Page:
Title: Adjunct Instructor of African American Studies
Company: John Jay College of Criminal Justice
Location: New York, New York, United States
Angeline Butler, Adjunct Instructor of African American Studies at John Jay College of Criminal Justice, has been recognized by Marquis Who’s Who Top Educators for dedication, achievements, and leadership in education and the performing arts.
A devoted and longstanding advocate for Civil Rights, equality and representation, Ms. Butler excels as an adjunct instructor of African American studies at John Jay College of Criminal Justice. Previously, she was active in the field of education as an instructor of ethnic studies at the University of Southern California and a performing arts teacher at California State University at Northridge, where she was additionally recruited as a producer within the theater department for Lorraine Hansberry’s “Les Blancs.” In addition to her tenure in academia, she has found success in the performing arts as a performer, coordinator and director who is affiliated with SAG-AFTRA and AEA. Her credits as a performer include “The Tonight Show Starring Johnny Carson,” “Hugh Hefner’s Playboy After Dark,” “The Virginia Graham Show,” “Angeline Butler – Impressions,” the 2022 Selma Jubilee with the International Women’s Congress and performances alongside the likes of Duke Ellington and Count Basie, to name a few. However, Ms. Butler is particularly proud of writing and performing in the play “The Jackie Robinson That I Knew (1960-1971): He Cared About Other People,” which dramaticized the humanitarian and community-minded nature of the baseball legend.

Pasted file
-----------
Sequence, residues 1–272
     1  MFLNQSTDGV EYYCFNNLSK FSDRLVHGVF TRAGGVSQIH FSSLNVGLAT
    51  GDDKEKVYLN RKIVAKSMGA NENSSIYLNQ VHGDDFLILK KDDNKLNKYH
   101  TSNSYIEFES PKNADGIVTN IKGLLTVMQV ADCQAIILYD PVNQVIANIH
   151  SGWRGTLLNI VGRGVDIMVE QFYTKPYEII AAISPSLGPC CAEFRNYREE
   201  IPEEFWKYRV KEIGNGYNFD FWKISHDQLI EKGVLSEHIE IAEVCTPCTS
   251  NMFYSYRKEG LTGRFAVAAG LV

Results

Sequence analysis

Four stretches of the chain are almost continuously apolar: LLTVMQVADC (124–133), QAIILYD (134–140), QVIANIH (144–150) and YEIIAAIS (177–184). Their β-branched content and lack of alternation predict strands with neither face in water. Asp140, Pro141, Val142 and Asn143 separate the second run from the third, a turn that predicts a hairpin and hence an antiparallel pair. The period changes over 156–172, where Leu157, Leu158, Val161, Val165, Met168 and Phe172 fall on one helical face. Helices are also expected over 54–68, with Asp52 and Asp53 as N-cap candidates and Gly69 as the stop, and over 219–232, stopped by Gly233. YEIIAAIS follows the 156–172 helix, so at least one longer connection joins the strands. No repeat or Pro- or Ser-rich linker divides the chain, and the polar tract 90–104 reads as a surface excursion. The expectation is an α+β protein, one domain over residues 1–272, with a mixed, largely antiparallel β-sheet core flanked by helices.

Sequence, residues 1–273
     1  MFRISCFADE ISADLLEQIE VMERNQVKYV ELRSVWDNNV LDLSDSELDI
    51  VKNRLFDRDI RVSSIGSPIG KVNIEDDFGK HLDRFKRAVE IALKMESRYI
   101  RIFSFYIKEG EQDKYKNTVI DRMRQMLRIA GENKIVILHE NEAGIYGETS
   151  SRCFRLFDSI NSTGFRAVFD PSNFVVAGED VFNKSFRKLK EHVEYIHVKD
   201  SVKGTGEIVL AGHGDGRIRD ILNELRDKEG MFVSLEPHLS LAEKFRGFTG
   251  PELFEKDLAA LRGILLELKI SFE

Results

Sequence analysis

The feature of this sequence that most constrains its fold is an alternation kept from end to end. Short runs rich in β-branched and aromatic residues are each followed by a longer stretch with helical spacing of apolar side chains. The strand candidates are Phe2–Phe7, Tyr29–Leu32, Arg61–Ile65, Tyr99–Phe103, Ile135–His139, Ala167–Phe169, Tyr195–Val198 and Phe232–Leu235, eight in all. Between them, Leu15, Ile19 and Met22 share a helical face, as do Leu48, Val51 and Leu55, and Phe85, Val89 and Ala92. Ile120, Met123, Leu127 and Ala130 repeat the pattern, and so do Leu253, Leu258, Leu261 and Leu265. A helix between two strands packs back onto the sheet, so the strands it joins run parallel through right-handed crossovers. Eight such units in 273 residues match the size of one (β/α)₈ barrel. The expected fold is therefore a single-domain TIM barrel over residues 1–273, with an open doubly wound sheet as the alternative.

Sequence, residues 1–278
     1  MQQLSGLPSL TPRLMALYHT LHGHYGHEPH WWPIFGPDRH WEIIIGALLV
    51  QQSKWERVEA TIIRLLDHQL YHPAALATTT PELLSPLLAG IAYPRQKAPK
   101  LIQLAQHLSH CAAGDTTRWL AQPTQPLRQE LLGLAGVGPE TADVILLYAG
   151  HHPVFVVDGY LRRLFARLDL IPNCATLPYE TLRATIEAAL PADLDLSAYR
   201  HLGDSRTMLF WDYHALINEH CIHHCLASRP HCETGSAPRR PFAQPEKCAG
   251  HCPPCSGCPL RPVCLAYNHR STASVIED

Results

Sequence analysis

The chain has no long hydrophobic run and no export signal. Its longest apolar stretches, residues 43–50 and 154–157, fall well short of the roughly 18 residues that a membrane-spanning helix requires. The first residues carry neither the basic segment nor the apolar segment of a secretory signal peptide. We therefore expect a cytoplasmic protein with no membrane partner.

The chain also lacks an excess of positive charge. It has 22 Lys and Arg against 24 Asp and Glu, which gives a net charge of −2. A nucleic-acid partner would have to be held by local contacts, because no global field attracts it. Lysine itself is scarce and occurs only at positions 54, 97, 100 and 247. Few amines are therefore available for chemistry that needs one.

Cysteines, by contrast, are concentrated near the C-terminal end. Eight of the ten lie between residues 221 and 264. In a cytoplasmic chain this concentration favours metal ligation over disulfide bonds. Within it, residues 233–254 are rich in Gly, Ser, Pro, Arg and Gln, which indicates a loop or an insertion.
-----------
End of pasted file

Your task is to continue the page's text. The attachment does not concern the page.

To support her professional ambitions, Ms. Butler completed coursework at Fisk Univeristy, The Juilliard School, the University of California Los Angeles, the Herbert Berghof School, the Gene Frankel Theatre Workshop, the Renata Mannhardt Theatre Foundation and the Roger Simon Studio. Having notably studied under the tutelage of Alice Spivak, she eventually graduated from Columbia University with a Master of Arts in music and ethnomusicology. As a renowned Civil Rights veteran, she participated in the Nashville sit-ins, co-founded the Student Nonviolent Coordinating Committee (SNCC), helped to coordinate the 1961 Freedom Rides and spoke on multiple occasions regarding her activism at institutions including Virginia Wesleyan University, the International Black Women’s Congress Annual Conference, Vanderbilt University, Columbia University and the UCLA Labor Center, among others. As a testament to her exemplary endeavors, Ms. Butler has been presented with the Sit-In Organizer Award from the City of Nashville in 1960, the Republican Student Association Award from the John Jay College of Criminal Justice in 2009, the Freedom Flame Award from the National Voting Rights Museum and Institute in 2010, the Freedom Rider 50th Anniversary Conference and Reunion Award from Jackson, Missouri in 2011, the Malcolm King Breakfast Award from the John Jay College of Criminal Justice in 2018 and the Gandhi-King Season for Nonviolence Award in 2019.
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